Advertisements

A Taxing Situation for the GOP

There’s a good chance that the Republican majorities in both chambers of Congress will sooner or later pass some tax bill or another, and a certainty that President Donald Trump will make a big show of signing whatever they might come up with, but at the the moment it seems likely to prove a pyrrhic victory. All of the tax bills that are under consideration are currently polling even worse than all the repeal-and-replace-Obamacare bills that never got passed, the inevitable devils in the details spell trouble for those Republican representatives in the Democratic states, and they way that Trump and the rest of the Republicans are going about it are also problematic.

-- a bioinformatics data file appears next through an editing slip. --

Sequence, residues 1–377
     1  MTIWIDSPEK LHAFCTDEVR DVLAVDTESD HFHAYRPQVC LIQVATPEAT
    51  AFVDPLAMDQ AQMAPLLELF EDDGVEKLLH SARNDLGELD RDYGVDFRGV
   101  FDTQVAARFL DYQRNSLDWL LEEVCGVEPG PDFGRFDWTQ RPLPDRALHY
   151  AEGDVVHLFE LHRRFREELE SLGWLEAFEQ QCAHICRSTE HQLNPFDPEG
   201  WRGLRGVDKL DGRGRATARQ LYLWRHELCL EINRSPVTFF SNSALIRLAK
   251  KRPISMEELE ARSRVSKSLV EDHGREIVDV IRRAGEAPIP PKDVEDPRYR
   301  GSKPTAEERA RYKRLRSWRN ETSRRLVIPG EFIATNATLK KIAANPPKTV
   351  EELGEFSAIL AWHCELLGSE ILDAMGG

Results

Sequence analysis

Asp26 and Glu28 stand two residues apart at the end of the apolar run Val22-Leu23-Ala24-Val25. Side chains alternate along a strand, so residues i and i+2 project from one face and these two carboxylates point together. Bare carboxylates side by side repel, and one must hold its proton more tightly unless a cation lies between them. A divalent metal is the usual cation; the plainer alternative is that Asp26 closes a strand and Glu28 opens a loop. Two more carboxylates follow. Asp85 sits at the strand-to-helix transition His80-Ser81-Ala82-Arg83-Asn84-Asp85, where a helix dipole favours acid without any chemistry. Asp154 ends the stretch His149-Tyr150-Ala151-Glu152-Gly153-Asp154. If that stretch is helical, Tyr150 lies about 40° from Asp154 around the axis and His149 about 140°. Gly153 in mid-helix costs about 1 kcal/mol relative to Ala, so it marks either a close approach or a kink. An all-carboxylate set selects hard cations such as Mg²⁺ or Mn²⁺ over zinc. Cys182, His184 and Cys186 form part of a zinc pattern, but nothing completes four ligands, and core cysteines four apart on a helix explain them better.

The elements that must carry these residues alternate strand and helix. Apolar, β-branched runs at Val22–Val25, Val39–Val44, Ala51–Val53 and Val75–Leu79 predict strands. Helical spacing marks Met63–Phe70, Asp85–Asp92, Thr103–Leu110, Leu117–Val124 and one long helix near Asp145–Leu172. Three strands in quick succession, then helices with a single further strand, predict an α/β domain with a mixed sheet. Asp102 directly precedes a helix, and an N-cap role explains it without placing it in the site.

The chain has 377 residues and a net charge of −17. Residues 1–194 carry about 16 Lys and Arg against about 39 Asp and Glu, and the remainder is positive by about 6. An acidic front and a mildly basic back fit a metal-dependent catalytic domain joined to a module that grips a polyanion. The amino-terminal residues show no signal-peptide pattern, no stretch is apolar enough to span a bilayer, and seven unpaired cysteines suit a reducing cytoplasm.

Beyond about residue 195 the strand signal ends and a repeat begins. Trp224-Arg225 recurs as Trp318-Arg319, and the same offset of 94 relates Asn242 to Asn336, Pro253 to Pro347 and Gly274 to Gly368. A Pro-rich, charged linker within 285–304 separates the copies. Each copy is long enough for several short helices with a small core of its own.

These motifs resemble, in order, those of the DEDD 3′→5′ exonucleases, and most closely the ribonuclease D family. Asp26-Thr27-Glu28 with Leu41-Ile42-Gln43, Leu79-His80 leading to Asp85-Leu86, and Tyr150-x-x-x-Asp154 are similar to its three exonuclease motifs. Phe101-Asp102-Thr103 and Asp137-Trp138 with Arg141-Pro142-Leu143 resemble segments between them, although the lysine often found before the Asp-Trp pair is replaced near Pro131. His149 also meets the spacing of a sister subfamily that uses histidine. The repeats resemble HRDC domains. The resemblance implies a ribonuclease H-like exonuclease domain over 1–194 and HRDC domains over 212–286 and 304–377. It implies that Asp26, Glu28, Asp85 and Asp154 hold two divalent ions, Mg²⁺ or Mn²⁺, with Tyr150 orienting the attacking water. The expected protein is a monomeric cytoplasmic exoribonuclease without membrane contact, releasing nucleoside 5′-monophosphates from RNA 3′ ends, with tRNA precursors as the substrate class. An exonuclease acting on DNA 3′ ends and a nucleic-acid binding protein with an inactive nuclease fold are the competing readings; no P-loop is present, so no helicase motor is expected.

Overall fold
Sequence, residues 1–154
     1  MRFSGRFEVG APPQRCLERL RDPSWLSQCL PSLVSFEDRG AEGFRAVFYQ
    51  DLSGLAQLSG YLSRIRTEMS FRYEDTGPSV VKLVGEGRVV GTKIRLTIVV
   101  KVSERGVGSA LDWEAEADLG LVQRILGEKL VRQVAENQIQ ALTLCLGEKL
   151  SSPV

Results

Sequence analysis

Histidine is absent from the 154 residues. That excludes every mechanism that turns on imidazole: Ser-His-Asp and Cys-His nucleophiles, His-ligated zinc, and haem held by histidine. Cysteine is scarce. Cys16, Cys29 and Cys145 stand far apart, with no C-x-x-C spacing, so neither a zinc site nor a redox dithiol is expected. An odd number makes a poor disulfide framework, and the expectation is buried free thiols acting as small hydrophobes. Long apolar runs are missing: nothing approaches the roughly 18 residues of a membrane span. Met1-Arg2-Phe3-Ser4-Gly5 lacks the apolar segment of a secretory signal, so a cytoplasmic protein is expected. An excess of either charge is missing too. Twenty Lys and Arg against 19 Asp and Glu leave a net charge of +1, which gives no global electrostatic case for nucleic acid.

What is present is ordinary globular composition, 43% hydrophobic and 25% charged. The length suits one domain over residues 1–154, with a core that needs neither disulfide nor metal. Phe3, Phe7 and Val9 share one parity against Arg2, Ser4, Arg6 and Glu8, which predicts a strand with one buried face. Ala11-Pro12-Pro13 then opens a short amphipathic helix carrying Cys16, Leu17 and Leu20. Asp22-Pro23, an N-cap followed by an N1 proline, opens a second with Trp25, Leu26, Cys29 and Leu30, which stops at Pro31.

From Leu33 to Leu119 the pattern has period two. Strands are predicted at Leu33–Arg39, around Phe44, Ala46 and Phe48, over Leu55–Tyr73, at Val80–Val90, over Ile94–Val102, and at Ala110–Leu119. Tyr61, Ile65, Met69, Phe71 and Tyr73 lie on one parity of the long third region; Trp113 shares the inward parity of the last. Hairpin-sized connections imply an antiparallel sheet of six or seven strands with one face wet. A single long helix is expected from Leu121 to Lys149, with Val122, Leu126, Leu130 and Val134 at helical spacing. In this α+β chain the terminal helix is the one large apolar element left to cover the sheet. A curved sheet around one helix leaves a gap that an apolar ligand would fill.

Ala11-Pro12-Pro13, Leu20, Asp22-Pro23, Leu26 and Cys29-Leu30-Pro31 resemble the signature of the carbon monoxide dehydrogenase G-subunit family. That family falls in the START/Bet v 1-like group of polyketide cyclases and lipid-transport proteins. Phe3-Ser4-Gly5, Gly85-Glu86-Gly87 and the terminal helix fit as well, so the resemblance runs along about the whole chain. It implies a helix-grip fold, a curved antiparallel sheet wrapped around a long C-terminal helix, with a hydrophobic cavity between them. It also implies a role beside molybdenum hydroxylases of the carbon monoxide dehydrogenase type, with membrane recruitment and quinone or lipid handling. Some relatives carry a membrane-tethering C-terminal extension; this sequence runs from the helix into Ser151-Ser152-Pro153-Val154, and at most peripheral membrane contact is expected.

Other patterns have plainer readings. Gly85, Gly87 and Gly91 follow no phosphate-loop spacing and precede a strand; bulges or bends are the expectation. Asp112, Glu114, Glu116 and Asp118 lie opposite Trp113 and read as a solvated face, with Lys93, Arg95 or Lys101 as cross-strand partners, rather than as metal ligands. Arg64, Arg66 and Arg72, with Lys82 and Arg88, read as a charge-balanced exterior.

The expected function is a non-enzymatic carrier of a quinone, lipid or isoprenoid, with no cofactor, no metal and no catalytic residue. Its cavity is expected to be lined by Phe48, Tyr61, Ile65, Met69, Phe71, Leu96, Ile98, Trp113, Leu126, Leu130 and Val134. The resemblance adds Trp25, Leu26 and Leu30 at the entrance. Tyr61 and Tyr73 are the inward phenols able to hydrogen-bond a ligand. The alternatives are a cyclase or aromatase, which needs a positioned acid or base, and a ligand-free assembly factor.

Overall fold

Despite all the desperate Republican attempts to deny it, there’s really no denying that all of the potential bills really do amount to that hated huge tax cut for the rich that Democrats are always accusing of them of seeking, which largely explains the bad poll numbers. As old-fashioned Republicans we’re sympathetic to the case that the rich shoulder an unfair share of tax burden and that allowing them to spend some greater amount of of their mostly hard-earned money on private sector investments, but these newfangled sorts of Republicans are ill-suited to making that case. Trump claims he’s going to take a huge hit on his taxes with any of the Republican bills, but he’s the first president in decades who hasn’t made his tax returns publicly available to prove such claims, and according to all the polls most Americans don’t believe him when he says “believe me.”